Erdoğan lauds freedom in Turkey, vows to establish 24-hour criminal courts
Turkish President Recep Tayyip Erdoğan revealed on Thursday a new round of legal reforms that he said reaffirmed Turkey’s commitment to European Union accession.
The announcement came a day after the EU published its annual report on Turkey, a damning assessment of the Justice and Development Party (AKP) government’s progress on crucial areas for accession, including rule of law and basic rights and freedoms.
The Turkish president rejected the criticisms from Brussels, declaring that his government had been implementing the reforms “not because the EU wants us to, but to address the needs of our nation”.
This was a report that, Turkish writer Cengiz Aktar told Ahval on Thursday, proclaimed the death of an EU accession process that has been at a standstill since 2016. Yet Erdoğan, who has repeatedly threatened to pull Turkey out of negotiations during the country’s frequent election campaigns in recent years, reversed course this year to demand a revival to talks.
While the EU and other international institutions have levelled serious criticism at Ankara over the recent backslide in Turkey’s rule of law, there was no acknowledgement from Erdoğan of any of the grave concerns that led his country to 109th place out of 126 countries in the World Justice Project’s 2019 Rule of Law Index.
Rather, Erdoğan vowed to closely follow the implementation of a set of legal reforms based on two “fundamental perspectives”: rights and freedoms and the administration of the legal system.
These “perspectives” were subdivided into nine broad targets, which were again divided into 63 more specific goals and some 256 actions designed to realise them.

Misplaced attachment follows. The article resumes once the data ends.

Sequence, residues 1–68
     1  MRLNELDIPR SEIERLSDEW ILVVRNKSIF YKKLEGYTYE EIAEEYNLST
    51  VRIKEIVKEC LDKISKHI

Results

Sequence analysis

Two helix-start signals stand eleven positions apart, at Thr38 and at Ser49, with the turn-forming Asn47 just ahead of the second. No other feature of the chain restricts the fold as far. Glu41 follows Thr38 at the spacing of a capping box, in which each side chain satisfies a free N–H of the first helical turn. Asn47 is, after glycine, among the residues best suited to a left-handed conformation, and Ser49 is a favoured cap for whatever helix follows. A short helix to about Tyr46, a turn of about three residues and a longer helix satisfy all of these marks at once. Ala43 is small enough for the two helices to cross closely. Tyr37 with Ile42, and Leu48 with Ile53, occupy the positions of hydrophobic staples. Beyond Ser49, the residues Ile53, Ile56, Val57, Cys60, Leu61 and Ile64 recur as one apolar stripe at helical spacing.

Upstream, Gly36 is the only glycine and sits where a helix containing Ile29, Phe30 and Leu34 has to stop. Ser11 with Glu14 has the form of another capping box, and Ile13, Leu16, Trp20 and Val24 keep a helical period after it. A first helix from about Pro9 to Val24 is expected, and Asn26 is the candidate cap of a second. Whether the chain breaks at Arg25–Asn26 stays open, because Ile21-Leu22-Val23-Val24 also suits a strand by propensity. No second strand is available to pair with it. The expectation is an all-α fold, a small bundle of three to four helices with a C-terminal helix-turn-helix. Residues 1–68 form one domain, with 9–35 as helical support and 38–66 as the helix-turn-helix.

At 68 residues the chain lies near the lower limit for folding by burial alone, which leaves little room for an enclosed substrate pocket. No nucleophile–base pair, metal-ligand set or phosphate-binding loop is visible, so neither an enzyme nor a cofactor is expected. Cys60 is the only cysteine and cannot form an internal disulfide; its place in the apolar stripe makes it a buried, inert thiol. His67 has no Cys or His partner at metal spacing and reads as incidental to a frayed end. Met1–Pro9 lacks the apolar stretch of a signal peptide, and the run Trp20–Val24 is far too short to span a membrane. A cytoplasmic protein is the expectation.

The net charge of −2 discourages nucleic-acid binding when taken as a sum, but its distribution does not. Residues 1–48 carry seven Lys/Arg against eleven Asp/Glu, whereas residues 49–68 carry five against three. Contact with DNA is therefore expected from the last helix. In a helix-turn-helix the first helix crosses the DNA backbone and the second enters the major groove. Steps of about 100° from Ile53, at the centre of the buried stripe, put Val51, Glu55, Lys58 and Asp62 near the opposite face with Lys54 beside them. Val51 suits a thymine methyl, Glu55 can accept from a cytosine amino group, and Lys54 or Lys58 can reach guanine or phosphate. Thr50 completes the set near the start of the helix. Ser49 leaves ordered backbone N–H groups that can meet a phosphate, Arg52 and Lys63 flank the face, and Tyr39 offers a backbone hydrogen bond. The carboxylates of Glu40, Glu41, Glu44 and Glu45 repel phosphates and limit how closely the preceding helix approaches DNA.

But legal experts have said the complex reforms promised in the document would be unnecessary if the government simply followed Turkey’s existing laws and international obligations.
“End the threats and political pressure against the members of the judiciary, let them do their jobs. Then there will be no need to your recommendations under the name of judicial reform,” said academic Yaman Akdeniz on Twitter.
“The judicial reform does not happen by writing a strategy document. It happens by implementing the law,” said Özkan Yücel, the head of the İzmir Bar Association.
“I felt like I was in wonderland,” said Eren Keskin, co-chair of Istanbul Human Rights Association, in an evaluation of the document. The reforms had already been required due to international conventions Turkey has signed, she added.
Among these is the European Convention on Human Rights, which prohibits torture and “inhuman or degrading treatment” in its third article.
“Turkey has adopted a zero-tolerance attitude to torture. We have left claims of systematic torture behind us, and we are determined to protect our advances in this area”, Erdoğan said, referring to one of the first topics addressed in the 100-page document on the reforms released by the government on Thursday.
The AKP was commended during its early years in power for tackling systematic torture in Turkish security institutions. But recent reports, particularly since the government survived a coup attempt in 2016, have indicated a return of widespread torture.